Samsung Focus S Review
Donning the same exact Windows Phone 7.5 Mango experience, there’s nothing extraordinarily different with the Samsung Focus S, as it retains all of the lovable qualities of the platform. However, just like the Focus and Focus Flash before, it features Samsung’s Now Hub, which aggregates data like the weather, news, and stock quotes. Visually, we absorb a lot of information on the home screen thanks to the various live tiles on there, which seemingly complements the Metro UI theme it has going on, but also dishes up plenty of eye candy to stand apart from the competition. Overall, we adore the iterative improvements found with it – like its improved social networking integration, multi-tasking elements, and universal inbox.
Uniformity is a good thing, and in the case of this specific Windows Phone, its performance is charismatically identical to any other device out there. Tucking away a 1.4GHz single-core Qualcomm Snapdragon processor, it’s effective in providing the muscle power to deliver that usual peppy performance we’re accustomed to see with Windows Phones in general. From silky smooth scrolling to the instantaneous launch of apps, the handset is undeniably swift with its operations.
Increasing its display footprint over the original Samsung Focus, the messaging experience is obviously going to improve with the spacious layout of the keyboard. On top of that, the Windows Phone keyboard has one of the best auto-correct feature on any smartphone, thus, turning any mistake into a correct word.
With Mango’s presence, the email experience has been refined to offer a universal inbox system and threaded conversations. And of course, the setup process is simple as pie seeing that it essentially requires only our email address and password to automatically set up.
Not surprisingly, AT&T’s presence is felt yet again with apps like AT&T Code Scanner, AT&T FamilyMap, AT&T Navigator, AT&T U-verse Mobile, and myAT&T. Besides those carrier branded apps, the only third party one preloaded is YPmobile.
Internet and Connectivity:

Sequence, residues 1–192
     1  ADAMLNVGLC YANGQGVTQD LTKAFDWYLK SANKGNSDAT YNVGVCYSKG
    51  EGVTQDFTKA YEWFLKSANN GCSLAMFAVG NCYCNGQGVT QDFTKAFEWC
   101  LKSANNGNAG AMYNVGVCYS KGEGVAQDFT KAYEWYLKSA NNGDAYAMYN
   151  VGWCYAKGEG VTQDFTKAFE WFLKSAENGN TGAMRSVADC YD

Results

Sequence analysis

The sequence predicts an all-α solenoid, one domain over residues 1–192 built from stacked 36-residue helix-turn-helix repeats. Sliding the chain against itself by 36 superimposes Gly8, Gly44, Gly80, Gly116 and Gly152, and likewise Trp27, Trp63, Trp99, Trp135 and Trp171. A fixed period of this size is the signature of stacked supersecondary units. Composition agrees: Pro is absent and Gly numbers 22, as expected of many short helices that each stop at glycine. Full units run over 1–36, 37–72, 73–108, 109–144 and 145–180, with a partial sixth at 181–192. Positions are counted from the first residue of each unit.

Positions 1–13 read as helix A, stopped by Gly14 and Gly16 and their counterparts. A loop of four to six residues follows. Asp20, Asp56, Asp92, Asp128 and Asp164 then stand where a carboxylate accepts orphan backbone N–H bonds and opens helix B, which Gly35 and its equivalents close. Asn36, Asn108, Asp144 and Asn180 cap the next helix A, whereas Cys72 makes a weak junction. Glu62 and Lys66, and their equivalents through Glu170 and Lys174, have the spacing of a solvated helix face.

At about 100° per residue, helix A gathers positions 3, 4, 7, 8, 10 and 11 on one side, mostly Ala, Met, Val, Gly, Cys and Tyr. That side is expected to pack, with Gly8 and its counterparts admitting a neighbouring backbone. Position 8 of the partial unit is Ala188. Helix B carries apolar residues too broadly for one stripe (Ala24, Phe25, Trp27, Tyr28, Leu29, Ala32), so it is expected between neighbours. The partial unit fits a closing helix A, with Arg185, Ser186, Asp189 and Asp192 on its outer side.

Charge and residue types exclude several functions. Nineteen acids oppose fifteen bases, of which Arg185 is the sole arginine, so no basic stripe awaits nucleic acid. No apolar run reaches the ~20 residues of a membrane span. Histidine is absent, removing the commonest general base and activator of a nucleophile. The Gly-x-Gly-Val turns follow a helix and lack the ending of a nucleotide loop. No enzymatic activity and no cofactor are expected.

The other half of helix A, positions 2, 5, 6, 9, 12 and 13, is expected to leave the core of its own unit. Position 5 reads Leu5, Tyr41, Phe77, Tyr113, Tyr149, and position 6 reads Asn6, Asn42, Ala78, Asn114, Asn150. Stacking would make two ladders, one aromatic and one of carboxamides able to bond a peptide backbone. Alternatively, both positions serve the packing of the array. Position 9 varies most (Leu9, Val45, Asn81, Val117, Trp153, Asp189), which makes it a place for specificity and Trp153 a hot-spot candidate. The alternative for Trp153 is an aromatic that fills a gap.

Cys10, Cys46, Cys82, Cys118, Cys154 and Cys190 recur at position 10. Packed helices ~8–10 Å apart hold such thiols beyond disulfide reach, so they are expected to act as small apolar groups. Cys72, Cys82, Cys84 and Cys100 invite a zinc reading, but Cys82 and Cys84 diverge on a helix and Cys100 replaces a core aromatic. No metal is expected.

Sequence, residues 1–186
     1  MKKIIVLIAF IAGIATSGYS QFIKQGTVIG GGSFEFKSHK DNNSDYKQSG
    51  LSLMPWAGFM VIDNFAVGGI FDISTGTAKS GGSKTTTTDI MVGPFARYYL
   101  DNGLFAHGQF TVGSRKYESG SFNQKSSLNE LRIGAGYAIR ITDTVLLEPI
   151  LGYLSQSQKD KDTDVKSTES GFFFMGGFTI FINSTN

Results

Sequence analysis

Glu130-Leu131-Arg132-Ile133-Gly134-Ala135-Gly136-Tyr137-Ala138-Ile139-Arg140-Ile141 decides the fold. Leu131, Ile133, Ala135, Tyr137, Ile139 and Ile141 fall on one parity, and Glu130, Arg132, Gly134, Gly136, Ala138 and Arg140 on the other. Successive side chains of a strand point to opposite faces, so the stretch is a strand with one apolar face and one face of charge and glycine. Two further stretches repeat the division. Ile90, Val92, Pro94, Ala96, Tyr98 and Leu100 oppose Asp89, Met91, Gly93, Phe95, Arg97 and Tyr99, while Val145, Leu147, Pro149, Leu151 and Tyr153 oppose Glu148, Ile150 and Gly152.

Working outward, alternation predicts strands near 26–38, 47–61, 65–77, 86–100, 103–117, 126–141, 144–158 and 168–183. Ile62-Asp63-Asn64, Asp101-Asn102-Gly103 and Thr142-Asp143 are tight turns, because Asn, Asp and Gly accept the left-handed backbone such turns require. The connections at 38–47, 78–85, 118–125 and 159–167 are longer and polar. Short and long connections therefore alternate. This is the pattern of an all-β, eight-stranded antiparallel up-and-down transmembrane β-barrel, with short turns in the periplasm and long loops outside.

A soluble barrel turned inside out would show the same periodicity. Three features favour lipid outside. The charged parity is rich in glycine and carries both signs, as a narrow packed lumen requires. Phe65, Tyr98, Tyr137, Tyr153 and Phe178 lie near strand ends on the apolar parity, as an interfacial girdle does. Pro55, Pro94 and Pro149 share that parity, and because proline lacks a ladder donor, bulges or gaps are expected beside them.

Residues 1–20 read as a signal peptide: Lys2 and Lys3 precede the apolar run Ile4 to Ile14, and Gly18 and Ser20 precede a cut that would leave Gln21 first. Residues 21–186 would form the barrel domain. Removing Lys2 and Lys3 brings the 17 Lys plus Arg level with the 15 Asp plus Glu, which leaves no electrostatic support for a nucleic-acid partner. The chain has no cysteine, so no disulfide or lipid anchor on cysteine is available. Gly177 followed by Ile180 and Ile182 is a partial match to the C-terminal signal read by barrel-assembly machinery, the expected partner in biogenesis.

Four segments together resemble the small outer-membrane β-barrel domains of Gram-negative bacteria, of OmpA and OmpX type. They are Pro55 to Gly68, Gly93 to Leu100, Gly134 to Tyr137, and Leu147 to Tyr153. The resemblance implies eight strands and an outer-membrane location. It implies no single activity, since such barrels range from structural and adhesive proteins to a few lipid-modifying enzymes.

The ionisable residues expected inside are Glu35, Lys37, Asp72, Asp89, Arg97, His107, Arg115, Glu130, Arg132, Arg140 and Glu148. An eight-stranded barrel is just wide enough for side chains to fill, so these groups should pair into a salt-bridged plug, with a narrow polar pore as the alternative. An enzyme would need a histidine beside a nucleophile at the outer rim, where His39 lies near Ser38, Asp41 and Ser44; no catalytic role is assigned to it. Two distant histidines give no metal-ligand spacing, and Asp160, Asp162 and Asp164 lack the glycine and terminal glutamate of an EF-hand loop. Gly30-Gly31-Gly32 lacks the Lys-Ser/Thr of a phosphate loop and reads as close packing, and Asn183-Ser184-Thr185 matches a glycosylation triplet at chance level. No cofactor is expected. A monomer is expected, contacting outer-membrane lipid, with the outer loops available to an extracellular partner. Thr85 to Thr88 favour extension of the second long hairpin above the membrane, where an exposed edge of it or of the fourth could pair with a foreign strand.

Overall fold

Joining the ranks of being an HSPA+ enabled smartphone, we’re very content with the fast data speeds we’re exposed to on the Samsung Focus S – thus, giving us fast downloads in loading complex sites like ours. At this point, we’re not all that saddened with its lack of Flash support, but rather, we’re comforted by its consistent fluidity with common functions like kinetic scrolling and pinch zooming. So yeah, we dig the engaging web browsing experience available to us.
Naturally, you can pick up this GSM handset and go just about anywhere around the world – seeing it’s compatible with many networks. Likewise, you can obtain HSPA+ connectivity in many places too to satisfy your web surfing habits. Finally, it features aGPS, Bluetooth 2.1 with EDR, 802.11 b/g/n/a Wi-Fi, and mobile hotspot functionality.
1. HTCiscool (Posts: 449; Member since: 16 Jul 2011)
Fair score, I would say I prefer the design of the Lumia, battery life isn't exactly bullet proof, good WP7 phone though, of that's what your looking for.
2. Birds (Posts: 1001; Member since: 21 Nov 2011)
WVGA resolution is not a bad thing. So what if it has a 217 ppi. Its not like a dnm laptop which has like 75. So its better than nothing.
3. kshell1 (Posts: 1143; Member since: 05 Oct 2011)
yet again you take away points for screen res but its super amoled? i mean also you take away points for plastic construction, they had to balance the price between construction and the super amoled plus screen didnt they?
4. taz89 (Posts: 2014; Member since: 03 May 2011)
lol you actually put plastic as a con..plastic is the most durable material for a mobile device also if its a con here then why isnt it a con on every other plastic smartphones...talk about inconsistency's
17. Lucas777 (Posts: 2137; Member since: 06 Jan 2011)
i agree.. i think 8 is a little harsh when all they did was say good things and then two cons.. at least an 8.5
5. jackhammeR (Posts: 1548; Member since: 17 Oct 2011)
WOW. Plastic construction?
S II is entirely made of plastic and I didn't see this con.
6. taz89 (Posts: 2014; Member since: 03 May 2011)
kind of shows how good the focus s is if they are putting ridiculous cons down
7. snowgator (Posts: 3222; Member since: 19 Jan 2011)
I love the Focus S. And at least they took the time to review it. But my whole problem with the reviews of the second generation of WP compared to the first still holds: Better camera, better screen, more functions, great experience, and yet the original Focus, also believed to be the benchmark for WP in it's day, got an 8.5. I believe that Phone Arena compares the devices to other available at the time, so the original Focus got that score compared to the Android or iPhone offerings of 2010/2011. If you believe that this Gen of WP's are inferior when compared to other smartphones on the market, than the glowing write-ups just don't support that. I gave the Focus S a 10 overall (pure biased review, of course!!) and I gave more cons than they did.